As recently as 6 or 7 years ago the situation was far different. For a period of 10 years or more few, if any, local quarries would permit collecting by organized clubs or otherwise. Unfortunately, many of the newcomers to our clubs don't remember the many years during which such collecting opportunities were not locally available. Notwithstanding repeated requests from quarry personnel to stay away from high walls, it seems that on every trip I see one or more collectors violating this universal rule. I also know of one incident where a club member sneaked into a quarry, was caught and was summarily ejected, only to show up at that same quarry for a club trip the next morning. It reminds me of the Pogo cartoon where Pogo announces that "we have met the enemy and it is us."
YOU CAN HELP
Perhaps you have read that the Maine Geological Survey has launched a fund-raising drive to purchase the Newry Mines located in the Oxford Hills of Western Maine, for use as a permanent recreational mineral collecting park. I have made a donation and I urge you to do the same. Your donation should be sent by check payable to
"Newry Mineral Park" and mailed to:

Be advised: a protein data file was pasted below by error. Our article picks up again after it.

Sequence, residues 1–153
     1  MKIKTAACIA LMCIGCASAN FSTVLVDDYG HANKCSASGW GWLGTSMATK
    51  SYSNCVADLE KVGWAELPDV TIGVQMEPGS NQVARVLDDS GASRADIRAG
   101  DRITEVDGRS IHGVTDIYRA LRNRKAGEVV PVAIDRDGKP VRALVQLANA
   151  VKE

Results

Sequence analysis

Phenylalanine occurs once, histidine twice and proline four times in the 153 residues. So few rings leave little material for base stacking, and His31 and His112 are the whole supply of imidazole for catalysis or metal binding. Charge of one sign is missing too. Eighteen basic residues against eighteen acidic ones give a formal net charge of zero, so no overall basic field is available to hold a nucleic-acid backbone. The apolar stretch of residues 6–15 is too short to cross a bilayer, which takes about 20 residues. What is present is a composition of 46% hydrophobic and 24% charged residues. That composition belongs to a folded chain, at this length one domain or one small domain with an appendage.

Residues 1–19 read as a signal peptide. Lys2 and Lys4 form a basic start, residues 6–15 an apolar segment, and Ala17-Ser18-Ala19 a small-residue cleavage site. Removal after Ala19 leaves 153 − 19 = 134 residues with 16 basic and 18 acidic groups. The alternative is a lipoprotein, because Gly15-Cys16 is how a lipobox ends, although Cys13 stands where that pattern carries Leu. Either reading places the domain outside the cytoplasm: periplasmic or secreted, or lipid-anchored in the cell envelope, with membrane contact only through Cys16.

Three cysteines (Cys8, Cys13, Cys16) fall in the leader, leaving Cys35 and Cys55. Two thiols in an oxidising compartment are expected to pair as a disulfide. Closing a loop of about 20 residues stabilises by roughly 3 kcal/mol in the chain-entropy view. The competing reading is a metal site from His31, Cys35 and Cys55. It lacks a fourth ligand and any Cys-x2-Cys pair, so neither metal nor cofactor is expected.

Those of you who subscribe Rock & Gem may recall an article in the November 2, 2002 issue entitled: "Saving Historical Mining Artifacts" and subtitled: "The Arizona Mining and Mineral Museum Amasses A Fascinating Collection" by Kathleen Connell. The article describes the museum's collections and the work of volunteers in helping to restore various items of mining equipment. The museum is located at 1502 West Washington Avenue, Phoenix, Arizona. I have not yet visited the museum but would love to do so. We have now received a request from Lois Splendoria of the Mineralogical Society of Arizona in Phoenix, requesting letters to members of the Arizona State Senate serving on the "Joint Subcommittee on Appropriations for Education." You may help support continued funding for the museum by urging the state Senators to support the House proposal to Include funds for the museum in the 2003-2004 and 2004-2005 budgets. I suggest e-mails to the following members serving on the "State Joint Subcommittee for Appropriations for Education".